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November 8, 2000

Madison County

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Frank Gillispie
Georgia needs improved ballot access

It is outrageous that Georgia is the most restrictive state in the nation when it comes to ballot access. Unless you are a Republican or Democrat, you have almost no chance of getting on the ballot.

Margie Richards
Animal shelter plans still a reality

A dream dear to my heart is still very much alive and will hopefully become a reality for Madison County in the near future. Elections are now over and it's time to get back to the business of moving this county forward.


Raiders whip Athens Christian 43-0, cap off undefeated season
Smiles, hugs, pictures, confetti, tears of joy, memories - these words used to describe a single win for the Madison County Raider football team.
But Friday, these words summed up the 2000 Raider season. Madison County ran the table this year, thumping Athens Christian 43-0 to finish the season 10-0, the first perfect season in school history.

Neighborhood News...
Brady edges out incument Dumas; Chapman to stay
Beginning in January 2001, the Banks County Board of Commissioners will be under new leadership. Political newcomer Kenneth Brady narrowly defeated incumbent BOC chairman James Dumas by just over 300 votes.

Council member concerned about hazards at pumping station
At a recent visit to the pumping station along the Chattahoochee River, Baldwin council member Mitchell Gailey was dismayed at Demorest's failure to provide safety measures at the plant's site.

News from...
Bell tops Tolbert by 54
What a finish! After eight long hours of ballot counting which saw the lead change hands several times, challenger Pat Bell has apparently defeated incumbent Scott Tolbert for the House District 25 seat with a razor thin margin of just 54 votes. Nearly 13,000 votes were cast in that race.

Rec staff sacked
Gambling, porno sites found on county computer; no charges expected
Allegations of gambling at the Jackson County recreation department has led to three employees resigning this week.
The Madison County Journal
Danielsville, Georgia
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Levie Cook of Hull puts an "I Voted" sticker on her husband, Bobby. Madison county experienced a 65 percent turnout.

Chairman keeps seat, barely
Wesley Nash will serve as chairman of Madison County's Board of Commissioners for four more years after edging Nelson Nash in Tuesday's general election.
The Republican incumbent defeated the Democratic challenger 3,811 to 3,666 (51 percent to 49 percent).
"I appreciate all the support I received," chairman Nash said Wednesday morning. "And I'll continue to carry on as I have for the last four years - to provide the best services possible for the least amount of money. I appreciate all the help the people gave me. It means a lot to me the support that's out there in the county."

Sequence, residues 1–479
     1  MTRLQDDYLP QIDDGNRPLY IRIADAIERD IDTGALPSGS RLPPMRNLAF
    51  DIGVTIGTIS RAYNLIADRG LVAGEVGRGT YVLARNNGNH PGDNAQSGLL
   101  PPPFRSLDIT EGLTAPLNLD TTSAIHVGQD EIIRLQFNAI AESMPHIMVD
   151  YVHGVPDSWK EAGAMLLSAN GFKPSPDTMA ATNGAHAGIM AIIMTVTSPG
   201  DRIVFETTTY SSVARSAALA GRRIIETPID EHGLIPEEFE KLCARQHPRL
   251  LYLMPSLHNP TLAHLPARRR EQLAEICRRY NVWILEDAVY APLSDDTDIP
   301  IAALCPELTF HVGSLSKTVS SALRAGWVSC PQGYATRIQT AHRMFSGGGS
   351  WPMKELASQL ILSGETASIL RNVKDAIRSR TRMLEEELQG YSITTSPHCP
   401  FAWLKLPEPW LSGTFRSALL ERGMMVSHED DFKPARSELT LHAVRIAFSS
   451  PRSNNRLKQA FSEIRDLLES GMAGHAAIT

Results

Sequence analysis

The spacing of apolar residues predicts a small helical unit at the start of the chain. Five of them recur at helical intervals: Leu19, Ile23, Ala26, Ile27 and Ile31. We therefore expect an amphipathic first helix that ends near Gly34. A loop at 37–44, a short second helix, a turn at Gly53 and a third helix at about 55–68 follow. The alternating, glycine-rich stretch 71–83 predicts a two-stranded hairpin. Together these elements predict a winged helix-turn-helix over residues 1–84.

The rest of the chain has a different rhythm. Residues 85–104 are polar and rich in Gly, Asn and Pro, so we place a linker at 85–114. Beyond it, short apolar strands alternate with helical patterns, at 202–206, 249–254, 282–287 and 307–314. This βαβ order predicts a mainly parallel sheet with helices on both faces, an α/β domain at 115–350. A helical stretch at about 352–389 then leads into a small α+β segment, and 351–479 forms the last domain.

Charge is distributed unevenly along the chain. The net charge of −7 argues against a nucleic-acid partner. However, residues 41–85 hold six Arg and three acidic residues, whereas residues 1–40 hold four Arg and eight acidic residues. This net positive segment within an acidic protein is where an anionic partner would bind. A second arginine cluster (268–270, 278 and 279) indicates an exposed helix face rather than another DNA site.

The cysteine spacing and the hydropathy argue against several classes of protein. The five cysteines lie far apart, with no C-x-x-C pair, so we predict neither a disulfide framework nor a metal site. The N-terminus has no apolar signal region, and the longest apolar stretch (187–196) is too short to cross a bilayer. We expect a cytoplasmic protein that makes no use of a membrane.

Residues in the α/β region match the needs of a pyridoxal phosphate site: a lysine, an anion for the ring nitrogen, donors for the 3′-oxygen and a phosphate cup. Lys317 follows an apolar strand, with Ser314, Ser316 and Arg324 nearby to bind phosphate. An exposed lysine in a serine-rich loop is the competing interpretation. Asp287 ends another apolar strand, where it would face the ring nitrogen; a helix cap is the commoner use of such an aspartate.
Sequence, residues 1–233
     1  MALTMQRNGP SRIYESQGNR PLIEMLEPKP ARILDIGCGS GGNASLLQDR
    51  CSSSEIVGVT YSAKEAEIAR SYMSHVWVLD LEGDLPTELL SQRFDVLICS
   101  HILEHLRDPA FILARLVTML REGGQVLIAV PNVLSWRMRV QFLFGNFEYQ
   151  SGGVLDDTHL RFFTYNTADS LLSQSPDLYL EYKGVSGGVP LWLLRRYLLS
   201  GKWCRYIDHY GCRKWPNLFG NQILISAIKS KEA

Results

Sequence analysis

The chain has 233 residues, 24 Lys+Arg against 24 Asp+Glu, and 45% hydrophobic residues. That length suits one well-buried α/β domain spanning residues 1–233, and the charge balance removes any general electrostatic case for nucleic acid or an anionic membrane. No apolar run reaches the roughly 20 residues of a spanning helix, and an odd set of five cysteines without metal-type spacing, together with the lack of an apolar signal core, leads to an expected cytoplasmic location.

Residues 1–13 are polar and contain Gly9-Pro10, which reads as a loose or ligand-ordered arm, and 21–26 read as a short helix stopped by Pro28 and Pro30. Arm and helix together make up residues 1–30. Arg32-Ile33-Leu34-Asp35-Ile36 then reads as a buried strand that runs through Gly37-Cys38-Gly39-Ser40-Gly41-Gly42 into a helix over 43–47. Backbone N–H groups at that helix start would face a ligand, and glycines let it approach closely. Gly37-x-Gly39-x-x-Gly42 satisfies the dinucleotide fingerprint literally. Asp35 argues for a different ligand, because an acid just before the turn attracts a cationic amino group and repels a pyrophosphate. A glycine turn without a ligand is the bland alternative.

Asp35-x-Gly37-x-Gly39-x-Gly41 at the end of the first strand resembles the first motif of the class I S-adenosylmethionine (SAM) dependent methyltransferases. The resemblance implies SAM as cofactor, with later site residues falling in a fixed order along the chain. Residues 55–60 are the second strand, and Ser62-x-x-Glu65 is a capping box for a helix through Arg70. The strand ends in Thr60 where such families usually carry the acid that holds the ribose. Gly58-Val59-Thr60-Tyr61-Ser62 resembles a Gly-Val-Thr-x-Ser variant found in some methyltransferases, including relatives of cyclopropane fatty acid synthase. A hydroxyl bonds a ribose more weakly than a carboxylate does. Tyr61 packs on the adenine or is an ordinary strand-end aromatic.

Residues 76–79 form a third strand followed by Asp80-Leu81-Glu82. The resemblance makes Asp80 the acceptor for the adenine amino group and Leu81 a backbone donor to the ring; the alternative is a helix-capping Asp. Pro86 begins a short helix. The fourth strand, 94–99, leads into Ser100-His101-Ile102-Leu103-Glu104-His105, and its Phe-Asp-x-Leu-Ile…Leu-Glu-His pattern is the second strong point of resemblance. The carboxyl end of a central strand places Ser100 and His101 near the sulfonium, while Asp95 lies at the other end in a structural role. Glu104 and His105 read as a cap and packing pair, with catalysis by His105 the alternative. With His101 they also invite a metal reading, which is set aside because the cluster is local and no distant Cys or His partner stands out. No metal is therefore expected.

Though the race was very tight, Nelson Nash did not seek a recount.
"I'm satisfied with the results," he said.
The challenger added: "I worked hard and I enjoyed meeting the people around the county...I don't have nothing to be ashamed of. I've enjoyed my eight years as district commissioner and feel like I've got a good bit accomplished."
Madison County's election stretched into the wee hours Wednesday morning, with absentee ballots not tallied until after 1:30 a.m. Chairman Nash, who trailed as the first precincts were called, held a slim 84-vote lead before the absentee votes were counted - with the chairman beating the challenger 251 to 190 in absentee votes. The incumbent won five of 12 precincts, with his most convincing wins in Colbert, 505 to 399; Danielsville, 574 to 483; and Pittman, 508 to 379. Nelson Nash was strongest in Collins, 159 to 89; Ila, 349 to 276; and Poca, 220 to 189.
Sixty-five percent of Madison County voters (8,254 of 12,768) hit the polls Tuesday.

Incumbent Patton toppled
In the Madison County school board District 5 race, Republican challenger Ric Power defeated incumbent Democrat Patton with 56.5 percent of the vote (803 to 617).
In the heated race for the District 24 State House of Representatives seat, Republican Ralph Hudgens held off challenger Doug McKillip, downing the Democrat with 52.5 percent of the vote.
Hudgens said he appreciated the voters' support and was ashamed of how the campaign turned ugly.
"I'm delighted that the voters decided to send me back and that they didn't believe the negative campaign my opponent ran," said Hudgens. "I've apologized to the voters for the campaign my opponent ran and I think he ought to apologize."
Four Madison County commissioners posts were up for grabs Tuesday.
In District 1, incumbent Democrat Bill Taylor defeated John Brueshaber with 61.7 percent of the votes. Democrat Johnny Fitzpatrick claimed the District 2 seat with 65.7 percent of the vote. In District 3, Democrat Mike Youngblood downed Danny Andrews, tallying 67.5 percent. And Republican incumbent Bruce Scogin was re-elected in District 5 over Marion Baker with 66.8 percent of the vote.